But the most damning criticism comes from John Cleese, who tried to get out during the third season of Monty Python's Flying Circus because he thought it was starting to become awful. Of the Pythons' three feature films, Cleese thought that The Meaning Of Life (the one that features a bunch of children singing about sperm and a fat guy who vomits into a bucket and then explodes) was rather terrible overall. And he doesn't care much for Monty Python And The Holy Grail, one of the most legendary comedies of all time. He thinks it's only good for the first 45 minutes. That time frame excludes the whole "Knights Who Say Ni" bit, so we can conclusively say that Cleese is wrong at least on that point.
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Destined to be the most spun-off franchise in entertainment history (assuming CSI doesn't catch up at some point), the original Star Trek will go down as a ratings failure that somehow changed the world. It'd be like if 60 years from now, we found everyone hotly anticipating a tenth Sliders movie.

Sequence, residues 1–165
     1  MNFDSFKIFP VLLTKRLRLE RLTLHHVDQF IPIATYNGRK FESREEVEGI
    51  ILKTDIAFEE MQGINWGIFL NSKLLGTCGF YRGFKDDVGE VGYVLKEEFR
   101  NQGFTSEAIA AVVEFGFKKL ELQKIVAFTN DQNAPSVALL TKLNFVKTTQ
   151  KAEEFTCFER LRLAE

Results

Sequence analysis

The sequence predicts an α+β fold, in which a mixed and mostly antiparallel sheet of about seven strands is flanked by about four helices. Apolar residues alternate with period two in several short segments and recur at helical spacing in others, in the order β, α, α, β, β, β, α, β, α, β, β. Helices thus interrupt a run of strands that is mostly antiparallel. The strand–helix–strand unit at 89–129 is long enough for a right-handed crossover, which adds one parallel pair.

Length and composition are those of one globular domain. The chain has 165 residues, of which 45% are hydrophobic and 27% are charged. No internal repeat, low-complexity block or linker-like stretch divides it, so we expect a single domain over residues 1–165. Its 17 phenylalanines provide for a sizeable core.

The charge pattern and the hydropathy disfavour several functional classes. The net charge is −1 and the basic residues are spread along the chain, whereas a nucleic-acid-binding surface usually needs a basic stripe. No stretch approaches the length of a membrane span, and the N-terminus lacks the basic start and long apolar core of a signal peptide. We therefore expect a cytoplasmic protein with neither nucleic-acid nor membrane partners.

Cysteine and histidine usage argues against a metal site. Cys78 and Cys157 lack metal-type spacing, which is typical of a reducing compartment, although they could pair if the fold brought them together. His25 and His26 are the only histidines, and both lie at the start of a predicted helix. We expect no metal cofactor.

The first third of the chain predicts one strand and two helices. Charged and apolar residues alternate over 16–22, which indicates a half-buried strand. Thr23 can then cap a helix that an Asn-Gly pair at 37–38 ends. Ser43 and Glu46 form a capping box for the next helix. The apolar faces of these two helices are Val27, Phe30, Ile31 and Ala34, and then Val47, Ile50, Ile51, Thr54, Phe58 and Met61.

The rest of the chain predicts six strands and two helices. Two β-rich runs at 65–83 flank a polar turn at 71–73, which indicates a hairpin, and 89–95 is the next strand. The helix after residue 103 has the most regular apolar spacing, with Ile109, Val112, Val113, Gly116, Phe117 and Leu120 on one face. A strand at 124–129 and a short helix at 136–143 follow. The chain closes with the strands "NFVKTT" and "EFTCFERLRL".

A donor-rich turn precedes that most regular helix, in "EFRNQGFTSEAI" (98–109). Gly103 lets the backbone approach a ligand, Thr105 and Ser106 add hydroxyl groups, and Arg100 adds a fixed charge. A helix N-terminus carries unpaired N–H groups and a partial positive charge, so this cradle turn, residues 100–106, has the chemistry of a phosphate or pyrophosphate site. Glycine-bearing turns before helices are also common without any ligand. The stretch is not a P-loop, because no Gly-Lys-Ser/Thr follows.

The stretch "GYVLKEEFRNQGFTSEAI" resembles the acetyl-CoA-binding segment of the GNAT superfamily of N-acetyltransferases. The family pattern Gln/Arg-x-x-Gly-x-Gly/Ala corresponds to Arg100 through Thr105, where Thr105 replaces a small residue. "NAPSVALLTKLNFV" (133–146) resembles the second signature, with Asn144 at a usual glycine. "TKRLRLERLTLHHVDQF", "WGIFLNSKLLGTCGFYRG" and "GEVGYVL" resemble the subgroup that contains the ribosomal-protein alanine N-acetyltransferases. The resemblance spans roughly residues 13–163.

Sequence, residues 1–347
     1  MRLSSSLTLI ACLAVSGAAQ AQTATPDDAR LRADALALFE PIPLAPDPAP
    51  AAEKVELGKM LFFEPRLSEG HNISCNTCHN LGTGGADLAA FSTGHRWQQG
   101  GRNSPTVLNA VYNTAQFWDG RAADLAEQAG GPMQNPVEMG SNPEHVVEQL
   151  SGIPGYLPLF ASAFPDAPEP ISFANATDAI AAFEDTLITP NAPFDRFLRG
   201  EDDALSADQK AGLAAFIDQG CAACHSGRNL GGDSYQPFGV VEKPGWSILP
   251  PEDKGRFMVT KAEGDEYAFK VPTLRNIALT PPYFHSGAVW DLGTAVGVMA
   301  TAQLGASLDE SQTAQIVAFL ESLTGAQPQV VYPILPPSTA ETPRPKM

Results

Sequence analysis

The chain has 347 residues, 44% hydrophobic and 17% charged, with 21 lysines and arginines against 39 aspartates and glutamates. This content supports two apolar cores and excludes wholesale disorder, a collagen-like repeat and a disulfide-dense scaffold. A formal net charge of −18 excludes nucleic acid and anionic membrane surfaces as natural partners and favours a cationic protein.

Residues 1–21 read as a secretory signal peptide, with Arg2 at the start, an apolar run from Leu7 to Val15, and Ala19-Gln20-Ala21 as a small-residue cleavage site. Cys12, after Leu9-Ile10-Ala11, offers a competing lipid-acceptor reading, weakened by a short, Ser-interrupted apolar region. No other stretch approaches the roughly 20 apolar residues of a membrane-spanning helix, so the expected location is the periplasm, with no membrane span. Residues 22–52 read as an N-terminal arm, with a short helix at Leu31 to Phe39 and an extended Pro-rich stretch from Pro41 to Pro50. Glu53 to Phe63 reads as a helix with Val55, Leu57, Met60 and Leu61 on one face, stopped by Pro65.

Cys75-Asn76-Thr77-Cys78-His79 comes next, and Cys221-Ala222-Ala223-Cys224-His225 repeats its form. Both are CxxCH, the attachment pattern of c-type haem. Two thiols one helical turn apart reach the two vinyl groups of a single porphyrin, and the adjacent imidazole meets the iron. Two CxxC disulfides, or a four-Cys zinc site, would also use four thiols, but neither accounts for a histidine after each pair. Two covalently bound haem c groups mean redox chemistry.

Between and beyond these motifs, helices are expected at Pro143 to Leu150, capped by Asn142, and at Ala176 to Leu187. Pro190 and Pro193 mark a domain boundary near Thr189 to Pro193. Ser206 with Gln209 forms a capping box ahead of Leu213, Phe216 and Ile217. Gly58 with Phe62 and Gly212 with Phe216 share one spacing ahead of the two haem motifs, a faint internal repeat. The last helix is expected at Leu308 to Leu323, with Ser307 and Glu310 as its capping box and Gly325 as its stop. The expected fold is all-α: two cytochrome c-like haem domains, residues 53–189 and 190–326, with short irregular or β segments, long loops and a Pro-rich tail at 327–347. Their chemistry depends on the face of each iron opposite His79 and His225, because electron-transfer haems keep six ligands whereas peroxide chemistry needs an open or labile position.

One of the most acclaimed episodes of the original series is "The City On The Edge Of Forever," which is about the Enterprise crew stumbling upon a gateway to the past, where they encounter a woman whom Kirk falls in love with, only to discover that she's destined to die, and that preventing her death would somehow cause the Nazis to take over the world. Basically, it's Ashton Kutcher's The Butterfly Effect, only replacing one self-important egomaniacal douchebag with another. The episode won the Writers Guild Award for sci-fi legend Harlan Ellison, who hated it so much that he wrote a goddamn book about how many pounds of shit he'd like to lay upon it.